Beyond Regime Type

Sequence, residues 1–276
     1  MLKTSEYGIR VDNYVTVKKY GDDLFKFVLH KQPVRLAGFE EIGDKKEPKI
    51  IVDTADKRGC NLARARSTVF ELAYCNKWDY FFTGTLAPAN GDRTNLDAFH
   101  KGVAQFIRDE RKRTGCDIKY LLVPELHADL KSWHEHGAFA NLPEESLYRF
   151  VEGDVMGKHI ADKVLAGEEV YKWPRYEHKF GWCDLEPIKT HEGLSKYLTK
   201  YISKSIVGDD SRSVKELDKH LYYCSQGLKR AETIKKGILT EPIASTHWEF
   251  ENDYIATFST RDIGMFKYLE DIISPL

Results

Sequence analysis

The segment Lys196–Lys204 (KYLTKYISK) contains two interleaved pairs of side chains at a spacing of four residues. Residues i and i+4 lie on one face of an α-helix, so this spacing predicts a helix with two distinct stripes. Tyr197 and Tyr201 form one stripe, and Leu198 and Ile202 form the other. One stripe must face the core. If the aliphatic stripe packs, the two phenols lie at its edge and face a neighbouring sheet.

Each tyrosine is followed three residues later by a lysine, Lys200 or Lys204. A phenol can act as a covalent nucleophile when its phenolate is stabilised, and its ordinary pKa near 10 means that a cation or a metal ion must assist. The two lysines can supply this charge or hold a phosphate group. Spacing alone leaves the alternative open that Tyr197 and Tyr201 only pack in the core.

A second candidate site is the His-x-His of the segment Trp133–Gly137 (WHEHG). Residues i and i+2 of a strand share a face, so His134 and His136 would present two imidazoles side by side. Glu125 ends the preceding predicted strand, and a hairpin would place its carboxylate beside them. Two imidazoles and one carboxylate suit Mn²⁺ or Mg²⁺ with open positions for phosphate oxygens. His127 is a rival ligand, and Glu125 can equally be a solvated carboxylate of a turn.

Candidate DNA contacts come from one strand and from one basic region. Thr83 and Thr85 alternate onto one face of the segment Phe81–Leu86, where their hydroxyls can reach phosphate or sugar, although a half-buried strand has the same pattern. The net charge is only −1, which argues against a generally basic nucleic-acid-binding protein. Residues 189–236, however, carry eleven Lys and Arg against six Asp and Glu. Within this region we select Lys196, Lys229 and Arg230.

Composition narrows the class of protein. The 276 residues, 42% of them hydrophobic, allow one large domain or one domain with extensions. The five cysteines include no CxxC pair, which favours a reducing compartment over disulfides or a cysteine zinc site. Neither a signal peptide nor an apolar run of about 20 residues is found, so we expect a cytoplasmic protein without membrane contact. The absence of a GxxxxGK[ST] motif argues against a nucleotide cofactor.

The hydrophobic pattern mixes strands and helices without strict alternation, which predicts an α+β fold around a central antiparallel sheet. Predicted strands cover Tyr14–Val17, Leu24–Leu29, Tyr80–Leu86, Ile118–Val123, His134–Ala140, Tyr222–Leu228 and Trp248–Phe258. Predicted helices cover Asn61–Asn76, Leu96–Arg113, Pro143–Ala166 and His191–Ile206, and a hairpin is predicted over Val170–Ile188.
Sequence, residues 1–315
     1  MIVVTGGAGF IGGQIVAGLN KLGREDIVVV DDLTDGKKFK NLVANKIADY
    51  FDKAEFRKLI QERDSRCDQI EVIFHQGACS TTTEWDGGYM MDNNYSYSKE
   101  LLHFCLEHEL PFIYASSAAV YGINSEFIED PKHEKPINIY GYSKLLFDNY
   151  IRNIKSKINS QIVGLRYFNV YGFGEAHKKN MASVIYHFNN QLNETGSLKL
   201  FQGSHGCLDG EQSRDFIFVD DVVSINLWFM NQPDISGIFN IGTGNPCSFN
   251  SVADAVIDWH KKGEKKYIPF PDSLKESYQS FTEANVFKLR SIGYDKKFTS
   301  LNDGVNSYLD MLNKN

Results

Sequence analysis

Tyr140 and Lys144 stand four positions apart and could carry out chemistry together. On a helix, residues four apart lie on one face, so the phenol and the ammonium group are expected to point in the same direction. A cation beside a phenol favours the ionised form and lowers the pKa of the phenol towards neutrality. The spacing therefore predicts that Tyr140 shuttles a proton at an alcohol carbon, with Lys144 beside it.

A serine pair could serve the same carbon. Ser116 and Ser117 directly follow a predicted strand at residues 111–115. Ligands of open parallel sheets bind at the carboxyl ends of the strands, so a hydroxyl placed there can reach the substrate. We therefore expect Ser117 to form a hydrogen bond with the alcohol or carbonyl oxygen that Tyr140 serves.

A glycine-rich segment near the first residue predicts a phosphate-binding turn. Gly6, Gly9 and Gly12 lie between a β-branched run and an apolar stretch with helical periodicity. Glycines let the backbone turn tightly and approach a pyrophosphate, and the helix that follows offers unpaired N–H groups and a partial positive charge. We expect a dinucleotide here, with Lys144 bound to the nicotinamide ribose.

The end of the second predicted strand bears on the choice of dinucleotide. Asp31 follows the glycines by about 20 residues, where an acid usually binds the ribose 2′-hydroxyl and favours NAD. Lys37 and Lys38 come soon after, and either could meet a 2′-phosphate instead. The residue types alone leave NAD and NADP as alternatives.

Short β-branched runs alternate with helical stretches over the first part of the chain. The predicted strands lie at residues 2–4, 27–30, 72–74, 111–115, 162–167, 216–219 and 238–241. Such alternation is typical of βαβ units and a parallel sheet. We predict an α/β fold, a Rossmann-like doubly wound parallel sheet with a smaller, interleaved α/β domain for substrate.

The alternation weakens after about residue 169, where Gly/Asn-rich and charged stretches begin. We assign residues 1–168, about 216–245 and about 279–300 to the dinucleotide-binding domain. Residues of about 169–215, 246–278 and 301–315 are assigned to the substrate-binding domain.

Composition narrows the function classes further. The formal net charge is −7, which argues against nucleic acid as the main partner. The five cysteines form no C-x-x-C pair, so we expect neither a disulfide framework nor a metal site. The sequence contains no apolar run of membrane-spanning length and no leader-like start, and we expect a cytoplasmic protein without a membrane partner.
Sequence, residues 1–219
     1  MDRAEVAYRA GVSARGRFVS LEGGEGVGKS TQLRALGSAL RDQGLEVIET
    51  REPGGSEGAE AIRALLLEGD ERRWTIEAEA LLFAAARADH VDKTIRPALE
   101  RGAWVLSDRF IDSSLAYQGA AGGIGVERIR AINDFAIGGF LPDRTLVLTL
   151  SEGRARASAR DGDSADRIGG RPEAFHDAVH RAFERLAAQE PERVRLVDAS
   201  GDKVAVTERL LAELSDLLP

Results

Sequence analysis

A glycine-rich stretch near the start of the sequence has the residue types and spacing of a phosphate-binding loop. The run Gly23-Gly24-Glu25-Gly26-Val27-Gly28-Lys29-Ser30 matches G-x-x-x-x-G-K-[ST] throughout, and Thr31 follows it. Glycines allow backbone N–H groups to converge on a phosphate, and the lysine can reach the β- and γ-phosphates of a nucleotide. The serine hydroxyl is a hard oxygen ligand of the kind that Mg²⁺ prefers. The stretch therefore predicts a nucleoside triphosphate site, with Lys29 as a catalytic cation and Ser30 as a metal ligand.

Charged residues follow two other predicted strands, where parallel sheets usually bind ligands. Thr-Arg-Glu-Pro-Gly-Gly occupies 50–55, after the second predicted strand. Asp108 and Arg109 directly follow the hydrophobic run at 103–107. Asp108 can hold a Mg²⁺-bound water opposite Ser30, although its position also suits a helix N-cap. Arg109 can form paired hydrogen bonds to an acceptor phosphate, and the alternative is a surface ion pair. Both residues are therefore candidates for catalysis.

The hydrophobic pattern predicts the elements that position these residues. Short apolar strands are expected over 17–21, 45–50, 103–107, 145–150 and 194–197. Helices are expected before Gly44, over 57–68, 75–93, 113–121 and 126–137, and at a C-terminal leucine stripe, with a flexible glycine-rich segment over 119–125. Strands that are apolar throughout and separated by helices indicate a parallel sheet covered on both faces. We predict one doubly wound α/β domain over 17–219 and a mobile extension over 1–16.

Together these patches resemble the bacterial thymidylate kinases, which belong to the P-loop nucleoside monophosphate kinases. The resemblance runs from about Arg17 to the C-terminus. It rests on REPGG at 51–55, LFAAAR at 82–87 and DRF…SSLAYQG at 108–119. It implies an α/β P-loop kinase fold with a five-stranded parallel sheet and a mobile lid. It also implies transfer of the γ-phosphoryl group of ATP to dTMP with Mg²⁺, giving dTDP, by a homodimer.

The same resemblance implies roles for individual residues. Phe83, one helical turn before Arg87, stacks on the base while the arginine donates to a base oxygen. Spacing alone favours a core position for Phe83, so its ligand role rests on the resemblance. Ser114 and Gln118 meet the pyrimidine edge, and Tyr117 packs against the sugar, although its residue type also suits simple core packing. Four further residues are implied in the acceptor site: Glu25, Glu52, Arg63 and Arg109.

If we were to choose just one other twentieth-century developer whose surface political profile most nearly parallels that of Taiwan, Mexico would be a principal contender. Both Mexico and Taiwan have been known over the past half century for their strong and enduring systems of one-party rule, fortified through forceful political, ideological, and institutional connections between a vanguard revolutionary party and the state. Both of these countries' party-state apparatuses, the KMT and Mexico's Partido Revolucionario Institucional (PRI), were highly centralized and carefully structured around corporatist principles that mandated the institutional inclusion of a wide variety of class forces drawn from both rural and urban locales. Additionally, the long-term trajectories of political development in both countries are quite similar on many counts, including the timing of democratic opening in the late 1980s and the role played by grassroots democratic movements in bringing this political change. In Taiwan, it was the end of martial law in 1987 that marked the key point of democratic transition, while in Mexico this was the same year that opposition candidate Cuauhtémoc Cárdenas broke from the PRI, ran for the presidency on his own, and started Mexico down its current path toward democratic consolidation. Yet despite these political similarities, the economic development trajectories of these two countries over the last half century have diverged considerably.